However, the existence of two spin currents is not sufficient to create a spin polarization (or more speaking more generally in order to break the time inverse symmetry). This fact can be understood as follows. Into each point of the wire, two spin currents are flowing. One spin current of spin down electrons flows from the neighbor left side and the second spin current of spin up electrons flows from right neighbor side. At one point of space the spin polarized conduction electrons of only one spin direction can exist. It can be either more spin up or more spindown electrons. The spin polarized conduction electrons of two different spin directions very quickly mixed up and therefore converted into the group of spin unpolarized electrons by scatterings. When the spin dependent scatterings are homogeneous in the space, the spinup and spin down currents flowing from the left and the right are equal and therefore do not create any spin polarization.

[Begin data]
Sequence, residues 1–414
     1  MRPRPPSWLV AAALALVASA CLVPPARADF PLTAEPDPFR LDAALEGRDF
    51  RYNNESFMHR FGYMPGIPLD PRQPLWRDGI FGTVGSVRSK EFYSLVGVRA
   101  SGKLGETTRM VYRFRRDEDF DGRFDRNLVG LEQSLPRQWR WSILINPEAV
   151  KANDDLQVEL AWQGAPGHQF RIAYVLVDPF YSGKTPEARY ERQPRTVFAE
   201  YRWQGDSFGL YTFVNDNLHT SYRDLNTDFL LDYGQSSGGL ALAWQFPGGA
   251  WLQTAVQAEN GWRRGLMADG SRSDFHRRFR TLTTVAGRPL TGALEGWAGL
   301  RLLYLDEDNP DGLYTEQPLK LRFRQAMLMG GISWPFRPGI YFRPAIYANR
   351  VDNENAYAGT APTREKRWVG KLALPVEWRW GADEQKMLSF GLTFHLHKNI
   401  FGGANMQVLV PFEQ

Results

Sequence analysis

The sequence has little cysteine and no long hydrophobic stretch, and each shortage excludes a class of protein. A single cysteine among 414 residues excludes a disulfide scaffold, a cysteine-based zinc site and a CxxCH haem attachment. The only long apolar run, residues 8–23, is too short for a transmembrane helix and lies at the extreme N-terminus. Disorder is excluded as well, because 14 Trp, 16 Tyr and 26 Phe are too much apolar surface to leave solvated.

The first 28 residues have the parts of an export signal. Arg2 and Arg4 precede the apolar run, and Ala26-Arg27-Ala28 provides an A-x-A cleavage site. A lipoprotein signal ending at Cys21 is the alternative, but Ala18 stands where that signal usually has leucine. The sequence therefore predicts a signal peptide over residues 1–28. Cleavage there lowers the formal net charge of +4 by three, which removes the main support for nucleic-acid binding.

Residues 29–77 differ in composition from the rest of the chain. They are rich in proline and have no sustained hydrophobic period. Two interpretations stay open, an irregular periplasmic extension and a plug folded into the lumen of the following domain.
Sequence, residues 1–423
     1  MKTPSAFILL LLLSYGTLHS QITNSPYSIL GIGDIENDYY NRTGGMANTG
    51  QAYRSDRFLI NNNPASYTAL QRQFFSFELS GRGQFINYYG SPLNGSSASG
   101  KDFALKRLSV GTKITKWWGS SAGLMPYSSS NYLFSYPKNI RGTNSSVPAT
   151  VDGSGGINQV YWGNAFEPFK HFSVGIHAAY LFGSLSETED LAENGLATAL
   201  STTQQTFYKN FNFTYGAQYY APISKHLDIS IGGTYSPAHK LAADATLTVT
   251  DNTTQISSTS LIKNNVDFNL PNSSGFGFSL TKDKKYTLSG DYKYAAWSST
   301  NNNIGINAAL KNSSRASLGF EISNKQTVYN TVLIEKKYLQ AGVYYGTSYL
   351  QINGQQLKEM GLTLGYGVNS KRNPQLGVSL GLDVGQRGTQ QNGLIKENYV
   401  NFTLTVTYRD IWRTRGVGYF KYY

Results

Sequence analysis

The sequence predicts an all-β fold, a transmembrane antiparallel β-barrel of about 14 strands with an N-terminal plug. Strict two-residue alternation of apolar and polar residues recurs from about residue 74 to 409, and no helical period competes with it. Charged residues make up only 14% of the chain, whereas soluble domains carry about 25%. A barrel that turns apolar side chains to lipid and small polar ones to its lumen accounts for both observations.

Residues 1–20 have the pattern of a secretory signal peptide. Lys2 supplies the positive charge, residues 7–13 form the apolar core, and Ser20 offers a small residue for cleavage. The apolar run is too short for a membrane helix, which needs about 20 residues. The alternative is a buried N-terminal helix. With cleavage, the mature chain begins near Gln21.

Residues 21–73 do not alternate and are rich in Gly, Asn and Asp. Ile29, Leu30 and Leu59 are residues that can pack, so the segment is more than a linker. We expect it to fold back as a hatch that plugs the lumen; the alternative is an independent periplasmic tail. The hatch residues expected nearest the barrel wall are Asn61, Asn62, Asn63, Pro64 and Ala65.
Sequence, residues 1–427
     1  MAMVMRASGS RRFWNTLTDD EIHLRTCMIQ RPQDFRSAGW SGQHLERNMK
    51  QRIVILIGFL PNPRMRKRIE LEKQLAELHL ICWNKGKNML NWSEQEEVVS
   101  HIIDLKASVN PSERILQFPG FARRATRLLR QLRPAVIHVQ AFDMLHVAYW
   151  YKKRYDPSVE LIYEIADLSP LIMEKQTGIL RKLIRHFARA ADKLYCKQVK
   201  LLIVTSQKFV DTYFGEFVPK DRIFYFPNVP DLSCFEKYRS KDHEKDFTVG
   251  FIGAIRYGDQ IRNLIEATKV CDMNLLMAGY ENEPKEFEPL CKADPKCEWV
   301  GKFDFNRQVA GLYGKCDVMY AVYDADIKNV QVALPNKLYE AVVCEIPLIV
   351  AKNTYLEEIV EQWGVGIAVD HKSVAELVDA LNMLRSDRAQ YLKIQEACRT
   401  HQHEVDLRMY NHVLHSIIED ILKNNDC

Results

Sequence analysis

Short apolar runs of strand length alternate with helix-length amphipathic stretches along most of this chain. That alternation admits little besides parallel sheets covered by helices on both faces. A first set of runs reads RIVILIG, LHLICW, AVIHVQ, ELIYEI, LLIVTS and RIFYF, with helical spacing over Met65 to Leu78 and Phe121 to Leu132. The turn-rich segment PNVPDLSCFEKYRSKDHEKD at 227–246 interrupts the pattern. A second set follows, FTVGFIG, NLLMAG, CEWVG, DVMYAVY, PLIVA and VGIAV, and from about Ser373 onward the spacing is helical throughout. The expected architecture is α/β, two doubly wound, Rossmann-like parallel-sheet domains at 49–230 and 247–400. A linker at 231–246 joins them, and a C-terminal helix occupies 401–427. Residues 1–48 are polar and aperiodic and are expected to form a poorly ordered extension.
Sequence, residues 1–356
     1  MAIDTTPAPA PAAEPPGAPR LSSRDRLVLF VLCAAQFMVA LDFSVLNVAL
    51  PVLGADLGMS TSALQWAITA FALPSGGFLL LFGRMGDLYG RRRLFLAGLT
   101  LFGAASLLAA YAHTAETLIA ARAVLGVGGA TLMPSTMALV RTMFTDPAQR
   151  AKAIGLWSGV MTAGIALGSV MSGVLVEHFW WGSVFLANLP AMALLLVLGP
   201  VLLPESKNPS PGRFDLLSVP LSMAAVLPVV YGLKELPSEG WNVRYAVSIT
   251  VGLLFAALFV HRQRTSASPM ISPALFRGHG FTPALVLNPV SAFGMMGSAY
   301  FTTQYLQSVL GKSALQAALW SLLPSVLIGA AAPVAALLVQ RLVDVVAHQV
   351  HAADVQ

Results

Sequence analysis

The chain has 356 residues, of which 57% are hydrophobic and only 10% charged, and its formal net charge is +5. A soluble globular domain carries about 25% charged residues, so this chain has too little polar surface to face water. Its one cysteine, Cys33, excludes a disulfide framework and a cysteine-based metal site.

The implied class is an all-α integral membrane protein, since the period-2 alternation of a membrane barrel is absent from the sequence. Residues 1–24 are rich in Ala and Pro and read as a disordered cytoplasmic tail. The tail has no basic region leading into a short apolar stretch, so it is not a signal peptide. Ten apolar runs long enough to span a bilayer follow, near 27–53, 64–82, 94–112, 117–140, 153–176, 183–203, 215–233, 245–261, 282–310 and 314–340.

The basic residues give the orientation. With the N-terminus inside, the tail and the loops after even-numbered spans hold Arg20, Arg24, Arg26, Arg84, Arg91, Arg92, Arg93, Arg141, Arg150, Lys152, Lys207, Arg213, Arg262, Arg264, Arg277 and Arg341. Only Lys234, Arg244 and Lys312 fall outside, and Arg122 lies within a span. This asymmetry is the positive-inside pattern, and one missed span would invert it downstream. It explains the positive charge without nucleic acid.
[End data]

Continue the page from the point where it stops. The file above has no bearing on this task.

When there is a gradient of conductivity or the vicinity of an interface, the spin currents flowing from the left and the right are unbalanced and spin polarization is created.
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Spin Hall effect of type 1 
due to electron movement perpendicularly to electrical field (Schottky type) at interface 

Fig. 30 . The electron current in a GaAs stripe. The view point moves together with electrons. Because of the charge depletion at the GaAsoxide boundary, there is an electrical filed E perpendicular to the boundary (shown as the green arrows). The electrical field E induces the effective magnetic field H_{SO} of the spinorbit interaction (red arrows). The direction of the effective magnetic field is opposite at the opposite sides of the GaAs strip. Spins of conduction electrons is aligning along H_{SO}. As a result, the conduction electrons becomes spin polarized. The direction of the spin polarization is along H_{SO}